The invitations to the event go out, potential participants opt in, and then when the time comes, they get the call that brings them into the meeting. From there, Patterson told Webster, the participants are looking at their host on the screen in much the same way they would be in a Facetime chat, and the host can see all participants in front of them. The only major difference from being in a chat is a “hand raise button” that allows individual callers to take themselves off mute and address the entire meeting.
That button is also the only way users make themselves known to the entire call; other than that, users cannot see each other. And though hosts do get data about the call, they get that data in an aggregated form with all individualizing information redacted.
How To Ignite?
The first vertical The Call List pursued when it was entering the marketplace was health and beauty brands, as it is the kind of very visual field where users are explicitly looking for additional content and more personalized engagement.
“This offered them the chance to host events with celebrity makeup artists and show behind-the-scenes material from the big fashion shows. This also allowed a really unique way for direct brand interaction.”
As they were gaining steam in the beauty space, The Call List found interest from a somewhat less-expected source: the healthcare industry.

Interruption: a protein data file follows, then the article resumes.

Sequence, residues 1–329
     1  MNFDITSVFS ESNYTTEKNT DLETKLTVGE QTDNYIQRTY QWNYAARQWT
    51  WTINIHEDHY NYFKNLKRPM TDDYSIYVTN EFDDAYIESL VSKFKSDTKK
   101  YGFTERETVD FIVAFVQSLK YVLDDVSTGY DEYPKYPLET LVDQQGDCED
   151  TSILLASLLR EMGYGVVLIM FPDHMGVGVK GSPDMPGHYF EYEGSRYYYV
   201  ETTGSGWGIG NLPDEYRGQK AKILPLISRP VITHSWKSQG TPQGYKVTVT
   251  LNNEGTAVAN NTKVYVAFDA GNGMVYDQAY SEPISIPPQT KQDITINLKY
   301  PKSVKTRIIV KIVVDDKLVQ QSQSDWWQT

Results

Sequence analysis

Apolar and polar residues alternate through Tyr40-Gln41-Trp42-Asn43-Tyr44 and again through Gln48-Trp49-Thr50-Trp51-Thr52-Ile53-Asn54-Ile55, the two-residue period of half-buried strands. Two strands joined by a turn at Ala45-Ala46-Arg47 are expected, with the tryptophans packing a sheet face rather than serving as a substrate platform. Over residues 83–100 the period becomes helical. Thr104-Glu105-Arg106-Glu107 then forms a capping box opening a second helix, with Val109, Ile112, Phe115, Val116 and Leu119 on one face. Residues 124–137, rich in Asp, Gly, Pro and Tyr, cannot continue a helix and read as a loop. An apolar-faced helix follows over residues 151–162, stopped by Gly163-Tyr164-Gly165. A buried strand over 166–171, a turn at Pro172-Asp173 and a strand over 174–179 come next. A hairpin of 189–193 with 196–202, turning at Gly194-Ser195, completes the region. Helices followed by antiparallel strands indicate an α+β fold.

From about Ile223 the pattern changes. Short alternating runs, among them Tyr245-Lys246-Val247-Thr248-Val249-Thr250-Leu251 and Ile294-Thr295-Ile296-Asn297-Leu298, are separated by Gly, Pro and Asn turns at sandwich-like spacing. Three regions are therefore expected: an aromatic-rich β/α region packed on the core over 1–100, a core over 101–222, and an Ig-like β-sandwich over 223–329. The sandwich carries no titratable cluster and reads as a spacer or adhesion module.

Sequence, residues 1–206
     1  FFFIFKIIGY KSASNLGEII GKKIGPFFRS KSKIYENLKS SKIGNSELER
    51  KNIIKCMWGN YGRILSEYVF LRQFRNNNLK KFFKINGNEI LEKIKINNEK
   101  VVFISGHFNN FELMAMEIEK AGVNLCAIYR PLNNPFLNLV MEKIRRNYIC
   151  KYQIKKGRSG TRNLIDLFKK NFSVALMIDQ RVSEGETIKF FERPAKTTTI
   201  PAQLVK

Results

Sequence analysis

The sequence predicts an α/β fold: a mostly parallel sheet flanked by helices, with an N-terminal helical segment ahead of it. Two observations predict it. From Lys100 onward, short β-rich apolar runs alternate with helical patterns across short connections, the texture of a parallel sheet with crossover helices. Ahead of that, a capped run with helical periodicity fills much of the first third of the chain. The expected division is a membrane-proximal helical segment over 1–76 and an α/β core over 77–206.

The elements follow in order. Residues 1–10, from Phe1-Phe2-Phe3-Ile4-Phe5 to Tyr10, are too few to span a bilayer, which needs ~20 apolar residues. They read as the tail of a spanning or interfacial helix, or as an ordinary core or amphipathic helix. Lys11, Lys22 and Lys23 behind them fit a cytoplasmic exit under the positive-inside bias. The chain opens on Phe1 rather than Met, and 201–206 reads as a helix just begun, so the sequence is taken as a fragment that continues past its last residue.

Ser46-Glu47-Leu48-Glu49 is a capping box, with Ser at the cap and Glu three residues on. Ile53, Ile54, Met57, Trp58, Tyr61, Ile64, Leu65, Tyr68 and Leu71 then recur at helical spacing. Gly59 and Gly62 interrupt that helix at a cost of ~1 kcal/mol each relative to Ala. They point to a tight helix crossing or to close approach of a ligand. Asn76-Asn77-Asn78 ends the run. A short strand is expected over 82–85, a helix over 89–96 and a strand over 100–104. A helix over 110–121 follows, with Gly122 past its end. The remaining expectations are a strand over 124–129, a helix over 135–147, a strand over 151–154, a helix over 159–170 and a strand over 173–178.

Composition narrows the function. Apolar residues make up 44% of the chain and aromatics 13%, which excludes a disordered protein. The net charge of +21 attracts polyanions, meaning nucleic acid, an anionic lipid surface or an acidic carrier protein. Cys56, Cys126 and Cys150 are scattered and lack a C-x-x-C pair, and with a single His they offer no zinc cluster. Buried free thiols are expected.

“And we were turned on to [an] opportunity to create [a] really powerful experience for patients or caregivers,” Patterson noted.
That experience, she said, might be the ability to talk to an expert that might otherwise be out of geographical range, or to be part of a treatment community with patients with similar needs and interests.
“If you think about the time individual doctors spend sharing information about a certain disease … or modality of care with the patients themselves, that is time lost with other patients. And in talking to a lot of these folks in healthcare, by the year 2020 there is an expected shortage of specialty care doctors coming that is expected to be in the range of 70,000. If there is this huge cap in the ability of specialists to spend time with individual patients … this is a way to scale those resources and offer access and care to patients that otherwise might [not] have had it.”
As for providing for their own maintenance and care, The Call List charges individuals and brands who use the platform (after a free trial period) a set amount to integrate their SDK and access the code and their library of features. Hosts also pre-pay for set amounts of time to use the platform and the list sizes they want to support in the events.
“They [the hosts] can then monetize by selling tickets to the events,” Patterson said, before also noting that the platform also provides deep linking capability, so that consumers can also be guided contextually to the relevant eCommerce opportunities that go along with their call.
There is nothing that can replace being there in person, of course, but consumers sometimes are willing and even hungry for content and contact that feels more direct, even if it is carried out at a digital distance.
The Call List is trying to bridge those physical distances and is building the virtual community platform that makes all kinds of connections just a ringing phone away.